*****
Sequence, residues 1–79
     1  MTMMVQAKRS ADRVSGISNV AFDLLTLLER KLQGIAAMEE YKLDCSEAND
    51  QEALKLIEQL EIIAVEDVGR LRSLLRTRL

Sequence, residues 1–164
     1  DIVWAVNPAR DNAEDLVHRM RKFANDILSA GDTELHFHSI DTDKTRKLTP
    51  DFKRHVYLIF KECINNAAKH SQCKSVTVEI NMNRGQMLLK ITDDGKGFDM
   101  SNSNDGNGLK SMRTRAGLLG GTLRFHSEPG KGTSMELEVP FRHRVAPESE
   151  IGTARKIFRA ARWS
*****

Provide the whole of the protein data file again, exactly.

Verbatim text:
Sequence, residues 1–79
     1  MTMMVQAKRS ADRVSGISNV AFDLLTLLER KLQGIAAMEE YKLDCSEAND
    51  QEALKLIEQL EIIAVEDVGR LRSLLRTRL

Sequence, residues 1–164
     1  DIVWAVNPAR DNAEDLVHRM RKFANDILSA GDTELHFHSI DTDKTRKLTP
    51  DFKRHVYLIF KECINNAAKH SQCKSVTVEI NMNRGQMLLK ITDDGKGFDM
   101  SNSNDGNGLK SMRTRAGLLG GTLRFHSEPG KGTSMELEVP FRHRVAPESE
   151  IGTARKIFRA ARWS